NEMA, varsities plan national capacity building for disaster risk monitoring in states
Following the recurring flooding in some part of the country, the National Emergency Management Agency (NEMA) has teamed up with six universities to devise plans to improve the nation’s disaster readiness.
The move is coming in the wake of United Nations Secretary-General’s Special Representative for Disaster Risk Reduction, Mr. Robert Glasser, deep concerns of extreme weather events unfolding across the world and the implications for future loss of life and economic damage to the world economy.
NEMA had in collaboration with the universities established six centres for Disaster Risk Management and Development Studies to expand and strengthen institutional technical capabilities; develop and implement information and decision support systems; enhance training in risk and vulnerability assessment tools and procedure, and enhance institutional access to data and information holdings.
The centres including University of PortHarcourt, University of Nigeria, Nsukka, University of Maiduguri, Obafemi Awolowo University and University of Ibadan were made to provide and facilitate education, training and research in civil operations particularly operations that require international disaster management, development studies and humanitarian assistance and operations as well as facilitate education, training, interagency coordination and research.
Specifically, NEMA with the support of United Nations Development Programme (UNDP) commissioned a study to develop a guide for RIMA conduct, programme for developing National Capacity and country-wide action programme for undertaking Risk Identification, Monitoring and Assessment (RIMA).
Towards operationalizing this, a two-day workshop organized by NEMA and UNDP Nigeria was staged in Lagos recently, which attracted the six national centres of excellence for DRR recognized as the potential regional hub to facilitate the RIMA training in each geo – political zone.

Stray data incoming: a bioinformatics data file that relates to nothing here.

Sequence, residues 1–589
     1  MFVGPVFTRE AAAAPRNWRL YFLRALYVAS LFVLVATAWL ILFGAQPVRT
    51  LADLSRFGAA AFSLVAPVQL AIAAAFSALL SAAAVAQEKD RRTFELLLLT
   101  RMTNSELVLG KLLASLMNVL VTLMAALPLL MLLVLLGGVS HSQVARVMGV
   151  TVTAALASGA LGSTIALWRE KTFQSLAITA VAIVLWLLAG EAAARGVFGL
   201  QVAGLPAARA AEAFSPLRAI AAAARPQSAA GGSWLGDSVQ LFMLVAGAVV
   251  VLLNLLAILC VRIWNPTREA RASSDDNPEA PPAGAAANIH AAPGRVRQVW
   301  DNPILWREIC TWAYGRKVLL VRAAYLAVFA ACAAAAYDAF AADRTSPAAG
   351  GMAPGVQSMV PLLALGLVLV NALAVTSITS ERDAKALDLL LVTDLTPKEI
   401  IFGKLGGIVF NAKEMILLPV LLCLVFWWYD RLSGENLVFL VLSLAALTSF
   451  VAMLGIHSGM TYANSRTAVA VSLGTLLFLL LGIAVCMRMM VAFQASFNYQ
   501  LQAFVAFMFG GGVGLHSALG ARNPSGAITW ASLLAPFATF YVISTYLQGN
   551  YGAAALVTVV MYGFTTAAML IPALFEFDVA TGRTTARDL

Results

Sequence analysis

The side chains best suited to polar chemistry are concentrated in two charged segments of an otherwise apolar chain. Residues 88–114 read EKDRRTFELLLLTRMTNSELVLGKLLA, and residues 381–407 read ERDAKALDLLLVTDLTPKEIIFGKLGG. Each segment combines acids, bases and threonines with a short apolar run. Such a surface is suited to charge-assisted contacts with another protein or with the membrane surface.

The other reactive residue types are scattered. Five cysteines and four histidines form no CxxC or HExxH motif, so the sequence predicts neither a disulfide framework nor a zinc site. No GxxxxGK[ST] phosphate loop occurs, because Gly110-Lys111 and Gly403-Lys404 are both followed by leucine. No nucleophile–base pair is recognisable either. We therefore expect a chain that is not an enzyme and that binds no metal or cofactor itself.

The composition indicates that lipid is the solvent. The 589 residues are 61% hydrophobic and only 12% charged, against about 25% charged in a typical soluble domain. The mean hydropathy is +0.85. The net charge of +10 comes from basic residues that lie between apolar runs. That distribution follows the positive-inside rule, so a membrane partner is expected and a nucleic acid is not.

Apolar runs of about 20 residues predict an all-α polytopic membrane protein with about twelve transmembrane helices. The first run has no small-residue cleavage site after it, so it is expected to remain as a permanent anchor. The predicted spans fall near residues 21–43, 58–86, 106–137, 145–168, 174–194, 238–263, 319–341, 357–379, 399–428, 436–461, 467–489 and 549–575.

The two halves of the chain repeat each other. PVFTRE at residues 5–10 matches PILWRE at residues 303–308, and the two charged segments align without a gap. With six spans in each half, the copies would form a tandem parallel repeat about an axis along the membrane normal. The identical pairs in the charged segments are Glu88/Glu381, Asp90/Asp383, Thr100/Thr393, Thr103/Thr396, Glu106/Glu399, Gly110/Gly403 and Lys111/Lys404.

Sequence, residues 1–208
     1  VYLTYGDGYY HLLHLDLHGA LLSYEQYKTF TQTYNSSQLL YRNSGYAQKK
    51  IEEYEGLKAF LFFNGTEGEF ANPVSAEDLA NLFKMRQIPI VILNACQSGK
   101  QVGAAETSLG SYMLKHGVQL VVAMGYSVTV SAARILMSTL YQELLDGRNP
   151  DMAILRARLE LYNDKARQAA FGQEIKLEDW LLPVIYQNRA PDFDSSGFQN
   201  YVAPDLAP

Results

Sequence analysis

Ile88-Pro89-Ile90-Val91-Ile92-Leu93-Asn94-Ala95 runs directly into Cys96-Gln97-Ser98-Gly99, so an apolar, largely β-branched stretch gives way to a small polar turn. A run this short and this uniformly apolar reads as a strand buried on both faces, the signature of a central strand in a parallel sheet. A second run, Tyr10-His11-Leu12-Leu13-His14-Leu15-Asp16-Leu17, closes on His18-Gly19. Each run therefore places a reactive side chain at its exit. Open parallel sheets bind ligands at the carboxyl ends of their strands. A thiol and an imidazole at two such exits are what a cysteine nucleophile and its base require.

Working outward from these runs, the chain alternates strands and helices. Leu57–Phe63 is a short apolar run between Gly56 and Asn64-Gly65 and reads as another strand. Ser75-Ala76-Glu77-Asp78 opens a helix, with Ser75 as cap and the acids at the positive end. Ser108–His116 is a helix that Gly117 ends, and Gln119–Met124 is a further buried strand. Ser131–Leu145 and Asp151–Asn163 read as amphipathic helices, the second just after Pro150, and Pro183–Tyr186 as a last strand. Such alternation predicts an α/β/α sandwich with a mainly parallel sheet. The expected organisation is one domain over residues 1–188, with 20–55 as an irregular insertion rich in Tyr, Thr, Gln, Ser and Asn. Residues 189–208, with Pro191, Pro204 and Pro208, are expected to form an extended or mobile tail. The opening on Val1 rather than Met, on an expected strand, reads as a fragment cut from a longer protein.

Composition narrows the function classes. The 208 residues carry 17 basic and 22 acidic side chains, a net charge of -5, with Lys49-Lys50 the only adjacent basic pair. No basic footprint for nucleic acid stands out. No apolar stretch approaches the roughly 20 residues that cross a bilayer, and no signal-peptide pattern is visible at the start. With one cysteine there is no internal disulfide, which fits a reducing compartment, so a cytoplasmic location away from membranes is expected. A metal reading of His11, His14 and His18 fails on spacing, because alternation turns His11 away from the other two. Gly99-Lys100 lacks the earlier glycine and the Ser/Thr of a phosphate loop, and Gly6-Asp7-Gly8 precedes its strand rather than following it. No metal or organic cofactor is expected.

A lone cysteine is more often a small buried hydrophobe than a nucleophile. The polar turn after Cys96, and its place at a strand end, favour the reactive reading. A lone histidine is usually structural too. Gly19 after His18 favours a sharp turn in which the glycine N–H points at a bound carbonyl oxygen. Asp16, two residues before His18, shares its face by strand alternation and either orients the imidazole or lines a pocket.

NEMA Deputy Director, Ben Oghenah led discussion in the train the trainers programme is expected to provide manuals for improving the capabilities of individuals, families and communities, as well as that of businesses and governments.
According to Oghenah, the aim of the programme is to develop appropriate capacity for undertaking risk identification, monitoring and assessment so as to provide logical steps and actions required for an efficient and effective disaster risk management at different levels in the country.
Besides, it will improve the understanding of RIMA as a veritable decision support tool in disaster risk management and development planning, enhance the capacity of stakeholders in the conduct of RIMA, provide step by step guidance to conduct of risk assessment in the field and provide a resource book for the training of relevant practitioners and stakeholders in risk assessments.
The programme would also improve the level of preparation of stakeholders for the conduct of risk assessments, enable the identification of hazards as well as an understanding of their nature and characteristics and enable the appraisal of the inherent vulnerabilities, elements at risk as well as the capacities within the administrative area to be assessed.
Meanwhile, Glasser said: “There can be little doubt that 2017 is turning into a year of historic significance in the struggle against climate change and all the other risks that put human life in danger and threaten the peace and security of exposed and vulnerable communities around the world who find themselves in harm’s way from hurricanes, floods and earthquakes.
“We must realise that these disaster events are not natural phenomena but are a result of a built environment which is not fit for purpose and a failure to understand how we are intensifying the cocktail of disaster risk by not adequately addressing poverty, land use, building codes, environmental degradation, population growth in exposed in vulnerable settings and, most fundamentally, greenhouse gas emissions.
“The floods and monsoon rains across South Asia, deadly landslides and drought in Africa, the impact of four major Atlantic hurricanes, a major earthquake in Mexico with a tsunami threat to central America vividly demonstrate that we need to redouble our efforts to reduce the impact of such events in the future. They are a reminder to us all that the worst disasters which could happen have not happened yet.
“If we do not succeed in understanding what it takes to make our societies more resilient to disasters then we will pay an increasingly high price in terms of lost lives and livelihoods.”